And let’s not forget India’s role as the leader of the Non-Aligned Movement,
        which did not serve it well.

        https://swarajyamag.com/world/was-the-non-aligned-movement-ever-relevant-for-india

        “It will grow inspite of people like you and Jayant.”

        I suspect Jayant and I both wish your country well.
        Nothing would please me more to see India rise and prosper to become a
        powerful economic nation; providing a bulwark against the menace of both
        Red China and Islamy Pakistan.

        The challenges are great, as you have mentioned, but so are the institutions
        and the minds of your countrymen, many whom are world class leaders in
        their chosen profession.

        I prayer for India’s success.

        BTW, I was recently seen by Dr Subha Giri, perhaps one of the best
        doctors whom has ever treated me!! I have the highest esteem for her!

  • anub:

    Jayant your articles seem unusually biased , India has problems but things are on way to getting better. India still continues to grow at 7% with current account deficit in control, high savings rate, financial inclusion, improved governance and debt /GDP ratios much better than advanced economies on a borrowing spree. Infact I am glad that armchair critics like you are out the country. No matter how much you try to suck up to your colonial masters you will always be their pet dog. All the best with the life as a street dog! Colonial apologists like you are the worst scum we deal with and when your tribe is extinct , we will truly progress.

    • Solon:

      Jayant, can you ask for better proof of the irrational, violent, tribal nature of India than anub’s post? If the majority of Hindus approach discourse with insult and threats, like anub, they truly are doomed.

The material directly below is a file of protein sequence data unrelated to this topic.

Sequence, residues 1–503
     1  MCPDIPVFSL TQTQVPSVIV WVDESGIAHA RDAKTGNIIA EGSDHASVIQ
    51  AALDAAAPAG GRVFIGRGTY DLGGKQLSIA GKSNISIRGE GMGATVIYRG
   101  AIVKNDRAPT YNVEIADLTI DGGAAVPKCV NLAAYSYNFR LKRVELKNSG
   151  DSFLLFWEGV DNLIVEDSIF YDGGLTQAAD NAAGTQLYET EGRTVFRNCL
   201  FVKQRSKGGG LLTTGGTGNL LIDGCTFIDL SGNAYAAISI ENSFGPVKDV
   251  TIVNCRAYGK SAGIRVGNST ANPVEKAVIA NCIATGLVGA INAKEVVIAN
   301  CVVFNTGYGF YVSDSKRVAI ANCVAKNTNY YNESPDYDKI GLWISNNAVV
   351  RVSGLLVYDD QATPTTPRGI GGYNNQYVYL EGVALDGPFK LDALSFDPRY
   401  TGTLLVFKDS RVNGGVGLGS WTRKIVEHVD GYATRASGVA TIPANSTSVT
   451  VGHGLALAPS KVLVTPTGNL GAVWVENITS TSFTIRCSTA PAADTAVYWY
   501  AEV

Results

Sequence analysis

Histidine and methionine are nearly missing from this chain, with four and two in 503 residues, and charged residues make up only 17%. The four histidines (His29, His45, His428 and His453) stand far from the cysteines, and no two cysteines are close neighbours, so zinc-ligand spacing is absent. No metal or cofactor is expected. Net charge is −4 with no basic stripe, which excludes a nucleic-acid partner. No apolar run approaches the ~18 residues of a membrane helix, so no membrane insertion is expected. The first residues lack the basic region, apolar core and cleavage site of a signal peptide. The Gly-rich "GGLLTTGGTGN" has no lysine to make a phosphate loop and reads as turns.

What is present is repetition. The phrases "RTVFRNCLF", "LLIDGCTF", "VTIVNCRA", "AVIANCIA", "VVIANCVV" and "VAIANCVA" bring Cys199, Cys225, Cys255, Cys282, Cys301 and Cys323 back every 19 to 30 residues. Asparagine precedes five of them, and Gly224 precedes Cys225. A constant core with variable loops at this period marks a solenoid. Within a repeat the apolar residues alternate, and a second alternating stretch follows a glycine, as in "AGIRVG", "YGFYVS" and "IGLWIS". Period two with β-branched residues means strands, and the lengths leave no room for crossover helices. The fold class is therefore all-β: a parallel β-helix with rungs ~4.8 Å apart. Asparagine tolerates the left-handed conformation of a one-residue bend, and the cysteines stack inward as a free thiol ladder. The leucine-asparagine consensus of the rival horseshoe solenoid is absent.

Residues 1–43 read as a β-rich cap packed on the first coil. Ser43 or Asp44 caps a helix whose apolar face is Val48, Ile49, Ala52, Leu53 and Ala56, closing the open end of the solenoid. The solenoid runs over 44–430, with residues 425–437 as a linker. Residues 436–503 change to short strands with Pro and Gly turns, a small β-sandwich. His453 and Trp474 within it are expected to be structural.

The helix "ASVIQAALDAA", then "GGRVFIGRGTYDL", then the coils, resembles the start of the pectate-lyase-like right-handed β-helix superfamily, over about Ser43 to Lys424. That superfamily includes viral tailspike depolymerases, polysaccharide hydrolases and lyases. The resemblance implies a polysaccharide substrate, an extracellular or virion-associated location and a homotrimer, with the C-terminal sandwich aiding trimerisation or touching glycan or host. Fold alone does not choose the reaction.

• anub:

        Pleasure carry on with your stereotypes , India will continue to harvest its immense potential and no one cares. World continues to invest in the INDIA growth story.

        For the record , We are Indians first and Hindus later. BJP got an absolute mandate on inclusive growth platform. for a country of india’s scale there will always be issues as the world is not an utopia. Clearly your tribal mind is not in sync with the ground realities in India and takes pleasure in selectively presenting facts. Kindly carry on with your delusional existence in your parallel universe.

      • martelhabermann:

        This is fairly typical Indian upper caste behavior.

        They control their poor and their lower castes using violence.

        On the Internet, faced with criticism that they cannot counter, they are reduced to threat and bluster.

        • anub:

          Fairly typical western “I know it all” snowflake behavior backed with sweeping generalizations which at best explain your hubris and at worst your ignorance. you are exactly the personification of the so called upper class that you seem to oppose. Like everywhere else in the world india does have an upper class and it is defined by money, which is the new caste.